Testimony in Court; Answering Yes or No.

Testimony is nerve-wracking, but it doesn’t have to be that hard.

Courtroom sketch: Wired.com / Norman Quebedeau

A witness’s job is to tell the truth and answer the question asked.  It is not to guess, to anticipate, to make-up, or change the story.

Judges routinely get irritated with a witness when asked a “Yes or No” question , but the answer begins with, “You see, what had happened was…”

There are 2 different sets of Rules when testifying.

1) You are called by your attorney or are a “friendly” witness. Under these circumstances you may not be asked yes or no questions of material importance. If you are, the other side may object due to “leading.”  That is asking a question which suggest the answer.

Lawyer 1: You witnessed Jimmy kissing Jane, didn’t you?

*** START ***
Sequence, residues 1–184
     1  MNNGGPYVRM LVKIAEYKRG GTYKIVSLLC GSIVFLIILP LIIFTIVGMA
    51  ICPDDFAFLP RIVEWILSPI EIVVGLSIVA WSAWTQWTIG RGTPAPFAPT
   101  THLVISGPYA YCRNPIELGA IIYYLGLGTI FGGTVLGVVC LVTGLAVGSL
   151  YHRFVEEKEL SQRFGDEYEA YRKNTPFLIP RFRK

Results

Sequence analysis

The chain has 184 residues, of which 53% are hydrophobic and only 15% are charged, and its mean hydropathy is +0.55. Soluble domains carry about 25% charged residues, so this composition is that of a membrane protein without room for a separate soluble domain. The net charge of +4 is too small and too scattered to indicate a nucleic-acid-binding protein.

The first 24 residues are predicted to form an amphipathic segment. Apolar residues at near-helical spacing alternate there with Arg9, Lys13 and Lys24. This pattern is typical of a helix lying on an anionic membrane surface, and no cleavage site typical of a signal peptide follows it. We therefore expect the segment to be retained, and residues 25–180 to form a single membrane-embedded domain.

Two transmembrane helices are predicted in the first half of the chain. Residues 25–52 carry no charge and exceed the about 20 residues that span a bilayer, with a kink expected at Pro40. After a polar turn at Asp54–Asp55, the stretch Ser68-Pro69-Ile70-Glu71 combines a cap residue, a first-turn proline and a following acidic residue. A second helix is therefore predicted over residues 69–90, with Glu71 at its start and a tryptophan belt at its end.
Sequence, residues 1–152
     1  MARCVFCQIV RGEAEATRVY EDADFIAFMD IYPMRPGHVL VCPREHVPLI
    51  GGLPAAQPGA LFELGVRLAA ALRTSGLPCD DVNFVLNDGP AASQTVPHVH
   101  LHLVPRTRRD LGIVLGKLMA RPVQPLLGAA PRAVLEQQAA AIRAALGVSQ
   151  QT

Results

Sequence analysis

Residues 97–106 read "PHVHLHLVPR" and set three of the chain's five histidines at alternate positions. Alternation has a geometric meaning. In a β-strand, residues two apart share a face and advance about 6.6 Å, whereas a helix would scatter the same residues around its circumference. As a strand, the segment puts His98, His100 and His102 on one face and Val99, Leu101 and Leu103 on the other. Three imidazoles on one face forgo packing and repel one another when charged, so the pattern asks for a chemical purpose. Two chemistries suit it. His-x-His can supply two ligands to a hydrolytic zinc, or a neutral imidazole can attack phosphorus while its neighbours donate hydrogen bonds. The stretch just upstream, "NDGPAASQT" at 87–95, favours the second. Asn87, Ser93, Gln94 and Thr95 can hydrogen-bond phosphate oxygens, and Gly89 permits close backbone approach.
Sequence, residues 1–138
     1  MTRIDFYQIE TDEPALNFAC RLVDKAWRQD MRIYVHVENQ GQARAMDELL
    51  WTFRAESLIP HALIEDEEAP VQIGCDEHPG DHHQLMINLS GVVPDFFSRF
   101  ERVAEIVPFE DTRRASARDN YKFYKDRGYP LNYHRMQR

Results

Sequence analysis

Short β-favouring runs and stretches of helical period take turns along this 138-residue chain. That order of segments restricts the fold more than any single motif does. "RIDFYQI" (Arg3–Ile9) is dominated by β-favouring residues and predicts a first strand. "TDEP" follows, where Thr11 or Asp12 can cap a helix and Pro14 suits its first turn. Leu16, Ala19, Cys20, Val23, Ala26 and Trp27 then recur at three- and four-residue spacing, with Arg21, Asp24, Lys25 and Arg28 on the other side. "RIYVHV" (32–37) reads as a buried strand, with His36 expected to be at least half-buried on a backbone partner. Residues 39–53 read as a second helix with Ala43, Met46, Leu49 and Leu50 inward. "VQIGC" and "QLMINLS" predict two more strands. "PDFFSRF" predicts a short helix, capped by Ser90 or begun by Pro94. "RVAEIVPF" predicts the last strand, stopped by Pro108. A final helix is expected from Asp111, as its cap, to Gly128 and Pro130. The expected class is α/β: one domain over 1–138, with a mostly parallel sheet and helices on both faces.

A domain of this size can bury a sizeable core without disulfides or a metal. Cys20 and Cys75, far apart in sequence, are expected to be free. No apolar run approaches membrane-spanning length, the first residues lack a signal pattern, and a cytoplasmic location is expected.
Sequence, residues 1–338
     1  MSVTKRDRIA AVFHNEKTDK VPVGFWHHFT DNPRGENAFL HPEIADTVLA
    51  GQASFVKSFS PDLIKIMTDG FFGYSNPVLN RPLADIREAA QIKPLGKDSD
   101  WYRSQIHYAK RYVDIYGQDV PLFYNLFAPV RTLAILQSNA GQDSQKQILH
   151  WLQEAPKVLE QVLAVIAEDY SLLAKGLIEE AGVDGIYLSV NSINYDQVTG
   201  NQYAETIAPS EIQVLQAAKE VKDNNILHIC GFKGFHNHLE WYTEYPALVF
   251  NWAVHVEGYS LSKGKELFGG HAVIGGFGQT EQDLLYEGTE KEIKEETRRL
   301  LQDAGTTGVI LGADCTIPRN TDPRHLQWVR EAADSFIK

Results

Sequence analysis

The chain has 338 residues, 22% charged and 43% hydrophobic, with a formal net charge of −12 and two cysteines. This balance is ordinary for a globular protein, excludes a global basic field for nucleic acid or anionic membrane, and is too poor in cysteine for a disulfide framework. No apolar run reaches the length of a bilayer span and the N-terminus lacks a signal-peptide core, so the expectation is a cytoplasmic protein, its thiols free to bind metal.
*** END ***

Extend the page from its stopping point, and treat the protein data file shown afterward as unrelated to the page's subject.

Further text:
Lawyer 2: Objection. Leading.

Judge: Sustained. Don’t lead your witness.

Lawyer 1: (asked one at a time)How do you know Jimmy? How do you know Jane? On what occasions, if any, have you seen them together?

2) When you are called by the adverse lawyer or are deemed a “hostile witness” then the questioning attorney may use leading questions.

Lawyer 2: You witnessed Jimmy kissing Jane, didn’t you?

Lawyer 1: Objection. Leading.

Judge: He’s on Cross Examination. The witness may answer.

Witness: Yes. (explain if allowed)

If the question can be answered with a Yes or a No, then you as a witness need to answer Yes or No. The Court will allow you to explain your answer, if necessary.

Matthew Thompson is a family law attorney in Mississippi and can handle the truth.

Follow the blog: BowTieLawyer Visit the website: Thompson Law Firm

You may also contact Matthew with your family law case, question or concern at (601) 850-8000 or Matthew@bowtielawyer.ms.

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